In closing, I hope this article is interesting and useful in your homegrown adventures. Please feel free to ask questions in the comments below, and spread the cannabis sex love by sharing this article. Even if you like to grow mostly feminized seeds, don’t you find this stuff fascinating? I sure do. Thanks for tuning in and nerding out with me a bit. Best of luck this growing season!

Difference Between Male and Female Weed Seeds

Plants, like mammals, come in both male and female types. Weed seeds are also classified as either male or female.

Male seeds generate pollen, which pollinates female plant buds. Pollinated flowers give birth to seeds.

It has been shown that 30-50% of weed seeds are male.

Male vs Female Weed Seeds

The main difference between male weed seeds and female weed seeds is that the function of male weed seeds is to produce pollens and the function of the female weed seeds is to reproduce. The male weed seeds cannot produce buds, and they do not possess pistils. The female weed seeds possess several pistils and can produce buds.

The male weed seeds are more prevalent in terms of their growth. Most weed seeds are male more than female.

They grow naturally and produce pollens from their sacks to fertilize the female weed seeds. They do not have pistils attached to themselves, and they also cannot produce buds.

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The female weed seeds are less prevalent than the male weed seeds. They can be created artificially, too, to increase their numbers.

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Female weed seeds receive pollens and get fertilized, and they can also produce buds. They possess a number of pistils that look like white and tiny hair-like structures.

Comparison Table Between Male and Female Weed Seeds

What are Male Weed Seeds?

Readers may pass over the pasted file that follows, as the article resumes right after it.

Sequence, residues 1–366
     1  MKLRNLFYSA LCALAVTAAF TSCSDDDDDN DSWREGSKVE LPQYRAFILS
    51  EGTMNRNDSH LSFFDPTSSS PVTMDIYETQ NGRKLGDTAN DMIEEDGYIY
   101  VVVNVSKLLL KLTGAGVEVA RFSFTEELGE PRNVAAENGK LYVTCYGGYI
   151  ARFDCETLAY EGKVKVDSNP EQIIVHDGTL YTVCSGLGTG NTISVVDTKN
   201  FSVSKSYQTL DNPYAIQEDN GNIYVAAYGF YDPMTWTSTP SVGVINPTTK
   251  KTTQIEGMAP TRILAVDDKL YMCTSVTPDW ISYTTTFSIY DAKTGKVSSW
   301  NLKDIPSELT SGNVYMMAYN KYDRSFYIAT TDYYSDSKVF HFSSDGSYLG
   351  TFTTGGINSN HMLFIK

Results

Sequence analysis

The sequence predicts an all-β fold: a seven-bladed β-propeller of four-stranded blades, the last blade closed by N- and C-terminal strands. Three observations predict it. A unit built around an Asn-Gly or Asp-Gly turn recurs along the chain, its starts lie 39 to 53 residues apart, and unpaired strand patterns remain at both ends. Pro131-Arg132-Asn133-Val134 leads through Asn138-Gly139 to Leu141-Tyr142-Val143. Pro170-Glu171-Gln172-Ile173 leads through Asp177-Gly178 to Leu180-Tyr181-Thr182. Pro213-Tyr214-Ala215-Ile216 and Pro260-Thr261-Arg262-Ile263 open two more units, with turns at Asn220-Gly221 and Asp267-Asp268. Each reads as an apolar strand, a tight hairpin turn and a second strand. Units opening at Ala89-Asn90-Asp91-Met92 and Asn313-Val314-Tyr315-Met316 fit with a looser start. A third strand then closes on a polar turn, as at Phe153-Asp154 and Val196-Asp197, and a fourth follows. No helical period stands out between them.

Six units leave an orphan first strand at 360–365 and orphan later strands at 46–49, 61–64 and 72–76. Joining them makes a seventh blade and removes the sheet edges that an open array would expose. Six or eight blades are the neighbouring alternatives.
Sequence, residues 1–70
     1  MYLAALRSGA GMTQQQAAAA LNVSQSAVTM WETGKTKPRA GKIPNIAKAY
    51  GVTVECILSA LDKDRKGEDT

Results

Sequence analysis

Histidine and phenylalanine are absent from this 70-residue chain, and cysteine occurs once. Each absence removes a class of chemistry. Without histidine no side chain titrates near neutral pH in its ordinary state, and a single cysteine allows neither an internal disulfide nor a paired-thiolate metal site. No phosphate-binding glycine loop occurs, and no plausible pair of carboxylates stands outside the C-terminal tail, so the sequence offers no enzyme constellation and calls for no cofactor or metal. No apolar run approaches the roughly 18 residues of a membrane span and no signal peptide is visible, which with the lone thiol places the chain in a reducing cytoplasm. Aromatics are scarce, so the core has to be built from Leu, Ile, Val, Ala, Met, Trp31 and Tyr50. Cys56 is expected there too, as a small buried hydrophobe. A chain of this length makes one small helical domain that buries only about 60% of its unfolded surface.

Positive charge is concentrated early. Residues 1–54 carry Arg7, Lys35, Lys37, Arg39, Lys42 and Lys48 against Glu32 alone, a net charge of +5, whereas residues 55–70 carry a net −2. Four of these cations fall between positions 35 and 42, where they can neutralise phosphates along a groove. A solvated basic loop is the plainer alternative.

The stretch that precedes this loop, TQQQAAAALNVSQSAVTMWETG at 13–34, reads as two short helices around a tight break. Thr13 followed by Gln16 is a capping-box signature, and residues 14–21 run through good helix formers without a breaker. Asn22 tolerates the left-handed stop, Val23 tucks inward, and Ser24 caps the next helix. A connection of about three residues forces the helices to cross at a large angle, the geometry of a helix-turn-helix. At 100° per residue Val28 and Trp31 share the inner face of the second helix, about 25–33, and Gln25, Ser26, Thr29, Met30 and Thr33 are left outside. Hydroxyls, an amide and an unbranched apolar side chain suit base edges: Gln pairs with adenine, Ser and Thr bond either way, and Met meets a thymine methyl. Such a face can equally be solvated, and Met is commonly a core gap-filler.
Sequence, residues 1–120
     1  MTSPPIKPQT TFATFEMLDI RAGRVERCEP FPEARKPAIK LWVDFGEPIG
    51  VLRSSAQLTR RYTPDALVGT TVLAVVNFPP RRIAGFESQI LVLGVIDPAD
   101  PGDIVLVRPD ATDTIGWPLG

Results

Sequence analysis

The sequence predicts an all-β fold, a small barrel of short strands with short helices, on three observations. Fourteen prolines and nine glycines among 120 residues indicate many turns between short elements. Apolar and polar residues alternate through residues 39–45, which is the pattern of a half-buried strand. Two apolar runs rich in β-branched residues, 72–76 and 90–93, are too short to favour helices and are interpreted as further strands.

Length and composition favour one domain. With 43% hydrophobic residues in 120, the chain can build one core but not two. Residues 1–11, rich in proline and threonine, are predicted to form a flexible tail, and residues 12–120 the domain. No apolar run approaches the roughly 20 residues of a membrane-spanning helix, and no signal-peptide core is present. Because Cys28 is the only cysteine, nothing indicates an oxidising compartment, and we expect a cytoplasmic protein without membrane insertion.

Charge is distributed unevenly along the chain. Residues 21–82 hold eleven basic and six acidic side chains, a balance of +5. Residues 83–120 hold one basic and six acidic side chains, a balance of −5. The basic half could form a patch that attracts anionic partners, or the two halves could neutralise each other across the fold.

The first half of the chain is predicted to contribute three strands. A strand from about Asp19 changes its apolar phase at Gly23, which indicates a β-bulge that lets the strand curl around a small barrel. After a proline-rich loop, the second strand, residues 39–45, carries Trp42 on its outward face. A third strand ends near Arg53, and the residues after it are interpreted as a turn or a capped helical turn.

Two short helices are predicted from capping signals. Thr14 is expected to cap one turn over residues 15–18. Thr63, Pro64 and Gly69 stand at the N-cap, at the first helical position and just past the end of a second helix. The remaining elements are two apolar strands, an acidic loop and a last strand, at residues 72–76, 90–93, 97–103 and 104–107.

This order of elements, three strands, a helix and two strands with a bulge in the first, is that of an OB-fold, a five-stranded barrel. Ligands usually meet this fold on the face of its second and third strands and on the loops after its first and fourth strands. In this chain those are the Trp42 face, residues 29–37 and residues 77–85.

Male weed seeds essentially generate pollen, which is required for female weed plants to reproduce organically. The presence of small pods on the internodes of the main stem distinguishes male weed seeds.

It does not have any white hair. When these pods mature, they open and release pollen.

Male plants are not only less appealing, but they also interfere with the quality and output of your female plant. Males generate pollen and develop pollen sacks.

Male weed seeds are often more gangly than female weed seeds. They can grow tall and thin, with fewer fan leaves and wider spacing between branches (also known as larger inter-nodal spacing).

Male seeds begin to generate pollen between mid-July and mid-September, depending on the hemisphere. Male weed seeds and plants grow vertically and have fewer branches and leaves than female weed seeds and plants.

As a result, they appear fragile and sickly.

Male plants are often tall with robust stalks; they have fewer leaves and scattered stems. They are utilized in the harvesting process.

To pollinate the female plant, several plants that are utilized for breeding are pollinated.

Male plants are harvested before they begin pollinating and shake as little as possible to minimize inadvertent pollination of female plants if they are in close proximity.